Carol asks, “I have a general dog behavior topic that is confusing to me–the right way to use the word ’no’… People often growl the word ‘no’ loudly or forcefully to get a dog to stop doing something (barking at another dog, lunging on leash, trying to eat poop, etc.) Sometimes it works and the dog stops. But it doesn’t seem like the best approach.”
Such a great question, and one that many people ask! While it’s certainly true that using the word ‘no’ can stop a behavior in the short term (that dog very well may stop barking or jumping on you in the moment), the long term effect can actually result in an increase in the behavior that we don’t want to see. For example, the dog who is jumping on you is likely doing so in search of attention; while saying ‘no’ may not seem like a positive result to us, the dog is still getting his desired result – attention – and will likely continue to practice the behavior. For a dog who is acting out of fear or frustration (for example, a dog who is barking and lunging on leash), using the word ‘no’ to stop the behavior without helping to alleviate their fear or frustration will often lead to an escalation in behavior, such as growling, air snapping, or biting.
When you find yourself using the word ‘no,’ stop to think about what you would like the dog to do instead. Dogs are much more successful when we tell them what we want them to do rather than what we do not want them to do. Dogs will almost always do what causes them the least amount of stress while producing the desired result. For the dog who is jumping on you, he’s likely doing so because it is the easiest and quickest way to get your attention. If we teach him that another behavior, such as sitting, gets him his desired results faster, we can stop the behavior that we don’t like in exchange for a behavior that we do like. You can find more information on addressing specific common behaviors here.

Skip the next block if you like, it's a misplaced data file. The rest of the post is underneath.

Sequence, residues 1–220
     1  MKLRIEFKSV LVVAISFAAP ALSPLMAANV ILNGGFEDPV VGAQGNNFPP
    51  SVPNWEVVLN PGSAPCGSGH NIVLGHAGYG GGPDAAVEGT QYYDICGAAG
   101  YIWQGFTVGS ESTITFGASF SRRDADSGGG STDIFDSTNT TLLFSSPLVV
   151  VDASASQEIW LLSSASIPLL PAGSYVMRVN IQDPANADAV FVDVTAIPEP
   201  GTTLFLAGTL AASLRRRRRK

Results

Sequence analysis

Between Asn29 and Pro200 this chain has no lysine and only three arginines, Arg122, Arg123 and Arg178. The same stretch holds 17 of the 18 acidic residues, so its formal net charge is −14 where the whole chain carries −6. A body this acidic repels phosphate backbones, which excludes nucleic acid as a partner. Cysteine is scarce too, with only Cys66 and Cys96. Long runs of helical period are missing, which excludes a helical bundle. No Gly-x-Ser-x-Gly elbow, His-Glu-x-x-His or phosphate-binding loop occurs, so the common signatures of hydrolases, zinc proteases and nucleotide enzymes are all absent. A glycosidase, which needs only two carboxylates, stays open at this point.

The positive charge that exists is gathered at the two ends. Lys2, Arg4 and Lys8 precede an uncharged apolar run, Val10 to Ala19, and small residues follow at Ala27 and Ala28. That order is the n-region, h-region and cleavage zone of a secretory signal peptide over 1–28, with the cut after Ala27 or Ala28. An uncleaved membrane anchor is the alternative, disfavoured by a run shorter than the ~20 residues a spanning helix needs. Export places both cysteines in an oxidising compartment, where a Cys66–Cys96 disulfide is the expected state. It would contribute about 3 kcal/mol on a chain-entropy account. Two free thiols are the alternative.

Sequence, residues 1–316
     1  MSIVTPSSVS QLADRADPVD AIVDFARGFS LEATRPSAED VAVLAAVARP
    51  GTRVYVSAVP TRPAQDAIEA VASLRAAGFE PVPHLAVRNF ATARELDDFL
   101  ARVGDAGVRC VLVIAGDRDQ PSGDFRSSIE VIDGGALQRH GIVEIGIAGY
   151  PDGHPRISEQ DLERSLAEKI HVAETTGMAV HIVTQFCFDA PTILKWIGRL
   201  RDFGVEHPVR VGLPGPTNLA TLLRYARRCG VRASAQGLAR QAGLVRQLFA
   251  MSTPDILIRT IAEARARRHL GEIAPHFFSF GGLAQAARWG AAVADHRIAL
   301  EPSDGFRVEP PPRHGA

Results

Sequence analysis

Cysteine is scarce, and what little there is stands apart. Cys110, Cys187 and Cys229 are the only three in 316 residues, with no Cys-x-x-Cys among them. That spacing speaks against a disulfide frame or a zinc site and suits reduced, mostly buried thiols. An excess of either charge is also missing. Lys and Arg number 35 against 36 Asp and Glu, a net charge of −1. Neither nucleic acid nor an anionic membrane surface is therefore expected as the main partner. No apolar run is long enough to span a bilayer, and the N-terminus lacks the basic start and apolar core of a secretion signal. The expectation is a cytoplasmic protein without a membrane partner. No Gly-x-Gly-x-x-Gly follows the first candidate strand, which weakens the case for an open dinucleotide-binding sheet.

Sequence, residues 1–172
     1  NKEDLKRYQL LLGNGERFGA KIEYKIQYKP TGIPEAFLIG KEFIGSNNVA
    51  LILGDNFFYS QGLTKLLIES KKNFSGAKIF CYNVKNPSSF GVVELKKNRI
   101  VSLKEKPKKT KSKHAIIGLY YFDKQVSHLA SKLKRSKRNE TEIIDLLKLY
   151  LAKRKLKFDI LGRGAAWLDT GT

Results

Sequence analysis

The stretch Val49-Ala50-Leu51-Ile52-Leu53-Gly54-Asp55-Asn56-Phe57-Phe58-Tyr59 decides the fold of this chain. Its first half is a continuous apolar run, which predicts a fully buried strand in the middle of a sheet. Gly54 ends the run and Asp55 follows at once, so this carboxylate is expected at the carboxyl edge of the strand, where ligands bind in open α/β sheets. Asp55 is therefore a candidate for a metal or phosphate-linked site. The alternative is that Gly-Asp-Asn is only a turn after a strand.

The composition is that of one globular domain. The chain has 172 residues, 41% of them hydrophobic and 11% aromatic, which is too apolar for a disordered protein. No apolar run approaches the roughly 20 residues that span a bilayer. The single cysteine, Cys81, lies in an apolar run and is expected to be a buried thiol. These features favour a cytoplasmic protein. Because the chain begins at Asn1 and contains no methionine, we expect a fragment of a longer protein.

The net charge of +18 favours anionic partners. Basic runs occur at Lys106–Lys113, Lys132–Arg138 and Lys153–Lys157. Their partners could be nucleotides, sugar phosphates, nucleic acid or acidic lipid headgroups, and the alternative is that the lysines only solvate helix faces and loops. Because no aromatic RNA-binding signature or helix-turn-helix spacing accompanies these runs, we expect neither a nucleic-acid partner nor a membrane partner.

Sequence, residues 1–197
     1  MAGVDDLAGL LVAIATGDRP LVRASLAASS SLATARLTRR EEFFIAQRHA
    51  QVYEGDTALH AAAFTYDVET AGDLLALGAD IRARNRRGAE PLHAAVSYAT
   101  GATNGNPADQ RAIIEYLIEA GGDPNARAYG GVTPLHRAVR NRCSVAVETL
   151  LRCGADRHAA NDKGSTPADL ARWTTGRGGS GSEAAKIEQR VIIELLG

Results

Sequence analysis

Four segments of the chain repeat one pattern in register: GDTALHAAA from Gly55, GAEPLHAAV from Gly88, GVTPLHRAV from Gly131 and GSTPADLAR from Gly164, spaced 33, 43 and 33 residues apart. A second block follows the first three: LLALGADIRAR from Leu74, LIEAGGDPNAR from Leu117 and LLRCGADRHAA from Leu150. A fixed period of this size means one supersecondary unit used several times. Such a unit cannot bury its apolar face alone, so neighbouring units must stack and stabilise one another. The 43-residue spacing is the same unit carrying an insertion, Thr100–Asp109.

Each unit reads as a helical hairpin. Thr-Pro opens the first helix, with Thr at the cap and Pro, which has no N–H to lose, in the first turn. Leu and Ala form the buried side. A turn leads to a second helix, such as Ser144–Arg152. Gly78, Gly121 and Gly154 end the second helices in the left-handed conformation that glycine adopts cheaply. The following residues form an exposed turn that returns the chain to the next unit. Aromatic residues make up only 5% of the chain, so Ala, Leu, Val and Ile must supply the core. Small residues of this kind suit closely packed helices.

For that fearful or frustrated dog who is barking and lunging on leash, it’s very important that we work to change his emotional response to whatever is scaring or frustrating him. The barking and lunging is a result of that fear/frustration; when we tell him no or otherwise stop that behavior from happening, we are not teaching him that he should not be fearful/frustrated but rather than he should not express his fear/frustration through that behavior. When we take the barking and lunging away from him, he will almost always eventually escalate to a more intense behavior, such as snapping or biting (this is often what is happening when someone says that dog ‘bit without warning.’). Check out the ladder of aggression below for a common order of behaviors in dogs. We also have some great resources on reactivity, aggression, and changing a dog’s conditioned emotional response here.
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